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AGA, INGAA, EEI Lose Major Members; NGSA Plans a Comeback

January 10, 2000
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AGA, INGAA, EEI Lose Major Members; NGSA Plans a Comeback

The new millenium saw the loss of two major energy companies by three national energy trade associations, the Interstate Natural Gas Association of America (INGAA), the American Gas Association (AGA), the Edison Electric Institute (EEI), while a fourth, the Natural Gas Supply Association (NGSA), says it is poised for a comeback.

For Kinder Morgan Inc., which recently bought the financially troubled KN Energy, dropping its membership in INGAA and other energy-related associations is directed mainly at immediate budget cuts. The company also closed its Washington office. Kinder Morgan is "initiating a back-to-the-basics strategy in trying to return the company to profitability. So for now we're not renewing most of our [association] memberships," said a spokeswoman for that company. "But we do plan to be a part of those in the future again."

For Sempra Energy, which left AGA, EEI, INGAA and the Pacific Coast Gas Association, strategic direction, as much as cost-savings, was the key driver in the $5 billion holding company's decision. The move is expected to save Sempra several million dollars annually in dues and expenses related to its employees' participation. The San Diego-based parent of two of the nation's largest distribution utilities, San Diego Gas and Electric and Southern California Gas will rely more heavily on the company's own Washington, DC, office for federal lobbying activities.

"It is not just the dollars; we came to the conclusion after some hard deliberations that these particular associations didn't fit for the future of the company," said Fred John, Sempra's senior vice president, external affairs. He noted, however, that the company will maintain its memberships in industry research/technology development groups, Electric Power Research Institute (EPRI), Gas Research Institute (GRI) and Institute of Gas Technology (IGT).

"We're trying to take more of a customer-focused approach, and the new technologies are what we need to deal with the customers in the changing environment that we are in," John said.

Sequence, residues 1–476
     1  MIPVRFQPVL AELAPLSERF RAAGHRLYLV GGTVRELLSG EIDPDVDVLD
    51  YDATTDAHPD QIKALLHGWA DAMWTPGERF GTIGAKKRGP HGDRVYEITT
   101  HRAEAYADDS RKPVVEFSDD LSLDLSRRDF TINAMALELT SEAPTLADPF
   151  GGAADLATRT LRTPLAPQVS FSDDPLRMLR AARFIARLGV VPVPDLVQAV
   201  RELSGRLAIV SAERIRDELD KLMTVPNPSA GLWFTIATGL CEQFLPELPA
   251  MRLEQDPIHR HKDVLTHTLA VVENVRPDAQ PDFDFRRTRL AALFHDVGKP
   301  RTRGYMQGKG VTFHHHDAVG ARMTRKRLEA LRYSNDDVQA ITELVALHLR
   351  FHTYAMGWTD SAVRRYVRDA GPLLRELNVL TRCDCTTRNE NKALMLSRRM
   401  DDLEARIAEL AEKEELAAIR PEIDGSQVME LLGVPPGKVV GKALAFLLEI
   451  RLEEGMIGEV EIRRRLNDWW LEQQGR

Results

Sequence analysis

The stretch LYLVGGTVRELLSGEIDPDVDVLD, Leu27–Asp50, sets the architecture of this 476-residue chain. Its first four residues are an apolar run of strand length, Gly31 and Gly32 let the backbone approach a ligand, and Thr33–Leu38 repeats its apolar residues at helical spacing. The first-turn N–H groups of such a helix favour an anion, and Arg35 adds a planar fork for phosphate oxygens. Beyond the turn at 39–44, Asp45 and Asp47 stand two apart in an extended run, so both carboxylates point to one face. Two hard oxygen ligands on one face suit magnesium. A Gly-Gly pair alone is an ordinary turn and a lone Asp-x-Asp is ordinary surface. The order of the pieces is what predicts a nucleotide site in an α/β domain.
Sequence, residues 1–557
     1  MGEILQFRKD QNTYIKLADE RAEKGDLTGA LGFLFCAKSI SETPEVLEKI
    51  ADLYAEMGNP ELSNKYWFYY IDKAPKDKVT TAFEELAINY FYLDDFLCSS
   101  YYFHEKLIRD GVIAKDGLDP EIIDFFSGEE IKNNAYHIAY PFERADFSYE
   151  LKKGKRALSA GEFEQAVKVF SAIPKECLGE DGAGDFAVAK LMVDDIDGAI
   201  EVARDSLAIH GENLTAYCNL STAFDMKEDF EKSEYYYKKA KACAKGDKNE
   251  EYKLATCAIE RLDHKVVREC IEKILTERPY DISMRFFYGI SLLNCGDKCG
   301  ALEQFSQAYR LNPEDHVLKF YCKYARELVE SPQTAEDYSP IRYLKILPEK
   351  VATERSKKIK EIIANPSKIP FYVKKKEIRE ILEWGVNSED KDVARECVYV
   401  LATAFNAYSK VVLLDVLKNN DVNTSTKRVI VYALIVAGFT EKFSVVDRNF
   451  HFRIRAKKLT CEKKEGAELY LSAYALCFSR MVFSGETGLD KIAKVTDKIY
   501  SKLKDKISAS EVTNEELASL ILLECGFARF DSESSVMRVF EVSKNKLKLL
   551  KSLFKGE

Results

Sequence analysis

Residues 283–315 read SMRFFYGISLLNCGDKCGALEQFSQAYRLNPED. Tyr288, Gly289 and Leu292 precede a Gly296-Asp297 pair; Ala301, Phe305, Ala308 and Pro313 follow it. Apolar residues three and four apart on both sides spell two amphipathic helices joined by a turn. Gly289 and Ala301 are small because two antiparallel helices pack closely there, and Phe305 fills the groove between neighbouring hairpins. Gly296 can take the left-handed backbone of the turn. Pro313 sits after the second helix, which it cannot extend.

San Francisco-based PG&E Corp., another large California-based combination utility holding company, last year pulled out of EEI, but has remained in the other groups.

Sempra Energy is "one of our bigger members," said AGA spokesman Daphne Magnuson, but she refused to reveal how much dues it had paid during the past year. Without Sempra, it's estimated that AGA will be $800,000 poorer in 2000, according to sources.

Magnuson said Sempra's departure from AGA "won't have an affect on our operations" in 2000, because "we're doing more with less." She noted the association has cut costs for next year by $1.75 million by moving into its D.C. headquarters and taking other steps, while also not increasing members' dues. That would put the association's budget for 2000 at just under $25 million, with about $18 million coming from members' dues.

Sempra's and Kinder Morgan's pullout from INGAA in 2000 will mean about $505,000 less in the pipeline group's coffers --- $475,000 less from Kinder Morgan and $30,000 less from Sempra. "The financial hit is not going to be great for us," said INGAA spokeswoman Anne Roland, because certain association members have agreed to make up some of the shortfall that will be caused by Kinder Morgan's departure. INGAA member dues are based on a pipeline company's revenues, and are capped at $475,000. The association's budget in 2000 will be $5.2 million. INGAA now has 33 corporate members.

EEI spokesman Jim Owen refused to disclose the financial impact that Sempra's departure will have on the electric association, which represents investor-owned utilities.

Meanwhile, NGSA, a producers' group under new leadership after its former president was convicted of embezzlement from the association last year, is mounting a membership push.

"I actually expect to increase our membership [by] a few companies," said NGSA's new President R. Skip Horvath.

"I don't have a target yet. We're still working on that. But there are producers out there who have not been a part of NGSA, and I think they might be interested in our services." He estimated the group currently has "roughly" 20 producer-members, and that its budget for 2000 will be below $2.5 million. "It's been that for awhile."

Susan Parker, Washington; Richard Nemec, Los Angeles

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